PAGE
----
During synchronous screening interviews, recruiters will usually:

  • Make introductions and small talk.
  • Ask screening questions and record answers.
  • Field questions about the job and company.
  • Explain the next steps.

There are a few downsides to this method—and all of them boil down to inefficiency. 

For starters, it’s difficult to find time slots that work for both the candidate and the recruiter (an issue that compounds as you scale). Then there are difficulties with scheduling reminders, follow-ups, tracking progress, sharing notes & comments, reviewing the interview, etc.

One potential solution?

Asynchronous screening

Asynchronous screening involves asking candidates to answer screening questions (via one-way video, audio, or text) without a recruiter needing to be physically present. Willo makes this simple—recruiters write (or generate) interview questions, send out invite links at scale, and review responses as they roll in.

Source: Capterra

This approach eliminates the need to negotiate time slots and book meetings. Candidates can record answers at their convenience, making it easier for them to feel relaxed and speak freely.

Recruiters also benefit from asynchronous screening because they get to work on their own time. No more setting meetings or chasing down candidates—the answers all come to them. Plus, recruiters can review answers at their speed and decide whom to bring on for the next round of interviews.

3. Assessment

The talent assessment stage is all about attaching qualitative and quantitative facts to the interview process. And while many companies skip this stage, it can be invaluable in making sure the right candidate is chosen.

Assessments could come in the form of: 

  • Skills tests: To provide insights into a candidate’s specific job abilities and technical skills.
  • Personality tests: To provide insights into a candidate’s strengths and weaknesses.
  • Cognitive ability tests: To provide insights into a candidate’s learning and problem-solving abilities.
  • Situational judgment tests: To provide insights into how a candidate responds to specific job-related scenarios.

Once again, there are synch and async ways to conduct the assessment stage:

Synchronous assessment

Synchronous assessment involves assessing the candidate in real-time, usually via video calls, live exercises, or in-person interviews.

Asynchronous assessment

One-way interview tools like Willo can be of great help in the assessment stage. You can create dedicated assessment interviews, set time limits for responses, allow for text, video, and audio responses. 

Alternatively, there are tons of test-based assessment tools out there. For example, Arctic Shores helps you assess candidates on key job-relevant skills using AI-proof tasks and questions. You can then generate reports on each candidate to decide if they're suitable for the position.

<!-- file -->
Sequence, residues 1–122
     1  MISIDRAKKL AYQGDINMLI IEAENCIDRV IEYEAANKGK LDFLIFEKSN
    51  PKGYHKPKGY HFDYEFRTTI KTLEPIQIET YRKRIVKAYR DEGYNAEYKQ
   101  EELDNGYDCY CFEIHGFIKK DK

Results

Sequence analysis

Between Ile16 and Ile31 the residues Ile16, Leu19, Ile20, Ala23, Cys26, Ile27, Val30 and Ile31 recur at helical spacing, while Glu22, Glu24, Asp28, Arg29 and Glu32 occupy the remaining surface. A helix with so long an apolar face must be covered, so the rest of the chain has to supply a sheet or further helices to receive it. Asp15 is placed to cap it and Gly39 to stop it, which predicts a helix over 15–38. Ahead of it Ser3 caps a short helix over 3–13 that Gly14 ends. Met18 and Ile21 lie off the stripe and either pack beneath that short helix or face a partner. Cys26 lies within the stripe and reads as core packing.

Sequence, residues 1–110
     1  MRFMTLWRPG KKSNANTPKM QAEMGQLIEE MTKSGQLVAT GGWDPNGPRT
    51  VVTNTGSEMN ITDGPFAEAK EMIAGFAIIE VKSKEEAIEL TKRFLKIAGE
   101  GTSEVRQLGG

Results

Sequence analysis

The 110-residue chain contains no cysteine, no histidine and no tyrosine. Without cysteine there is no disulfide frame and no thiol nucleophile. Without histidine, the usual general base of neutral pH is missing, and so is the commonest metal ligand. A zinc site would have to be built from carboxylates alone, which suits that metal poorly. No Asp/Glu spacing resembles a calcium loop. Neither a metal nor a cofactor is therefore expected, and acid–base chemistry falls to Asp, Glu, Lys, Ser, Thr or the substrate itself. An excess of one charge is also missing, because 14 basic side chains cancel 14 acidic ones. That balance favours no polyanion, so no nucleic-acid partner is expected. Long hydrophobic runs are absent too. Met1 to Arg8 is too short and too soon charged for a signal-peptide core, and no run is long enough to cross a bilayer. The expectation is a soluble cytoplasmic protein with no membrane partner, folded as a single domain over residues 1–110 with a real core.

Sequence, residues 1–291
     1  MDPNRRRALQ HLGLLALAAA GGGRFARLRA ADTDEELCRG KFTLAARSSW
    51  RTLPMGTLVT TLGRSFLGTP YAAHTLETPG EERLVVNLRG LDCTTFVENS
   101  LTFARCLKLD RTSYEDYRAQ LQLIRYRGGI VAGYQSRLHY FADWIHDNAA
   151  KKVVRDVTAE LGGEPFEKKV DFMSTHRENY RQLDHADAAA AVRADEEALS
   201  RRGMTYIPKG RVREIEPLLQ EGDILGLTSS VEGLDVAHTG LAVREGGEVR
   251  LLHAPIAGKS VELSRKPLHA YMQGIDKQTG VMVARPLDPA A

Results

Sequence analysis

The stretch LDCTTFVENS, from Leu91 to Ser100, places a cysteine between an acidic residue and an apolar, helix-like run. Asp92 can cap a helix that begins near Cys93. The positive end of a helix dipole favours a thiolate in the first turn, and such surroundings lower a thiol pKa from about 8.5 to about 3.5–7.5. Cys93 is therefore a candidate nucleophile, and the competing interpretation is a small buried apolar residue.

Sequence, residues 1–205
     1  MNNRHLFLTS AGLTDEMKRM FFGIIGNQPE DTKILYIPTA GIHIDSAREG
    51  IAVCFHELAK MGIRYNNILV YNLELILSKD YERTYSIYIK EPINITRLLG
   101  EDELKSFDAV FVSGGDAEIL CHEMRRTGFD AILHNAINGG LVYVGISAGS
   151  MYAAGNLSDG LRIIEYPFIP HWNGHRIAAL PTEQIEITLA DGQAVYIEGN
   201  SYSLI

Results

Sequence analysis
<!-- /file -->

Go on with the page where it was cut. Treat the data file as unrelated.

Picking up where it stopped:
4. Role fit

The role fit stage is a longer-form interview stage that’s focused on both “hard” and “soft” skills.

At this stage, you should try to get a sense of how your candidate could fit into the job at hand—but also what kind of contributions they can make that go beyond just ticking boxes. To do so, it’s useful to ask in-depth questions that focus on experiences with:

  • Challenges (e.g., “Tell me about a project that went badly and what you did to turn it around”).
  • Critical thinking (e.g., “How would you approach this client’s case?”).
  • Problem-solving skills (e.g., “Describe a time when you had to come up with a new solution”).
  • Skill set (e.g., “How would you go about testing this piece of code?”).

How you conduct these interviews will depend on your company’s structure and your hiring goals.

Larger companies with international offices and smaller companies hiring locally often handle role fit questions during their in-person job interviews. Live video interviews are popular with distributed teams who want to get a better sense of the candidate's personality. 

However, you can still use async methods like one-way interviews to save time and increase recruiter capacity during the role fit stage. Just create a role fit interview, invite your shortlisted candidates, and review the recorded responses,

5. Cultural fit

The final stage of the interview process is typically a dedicated cultural fit stage.

While you’ve been gathering information on a candidate’s culture fit throughout the hiring process, it’s important to ensure that they will fit in with your team and company values. This is generally done through an informal chat or lunch with members of the team who are candidates for this role.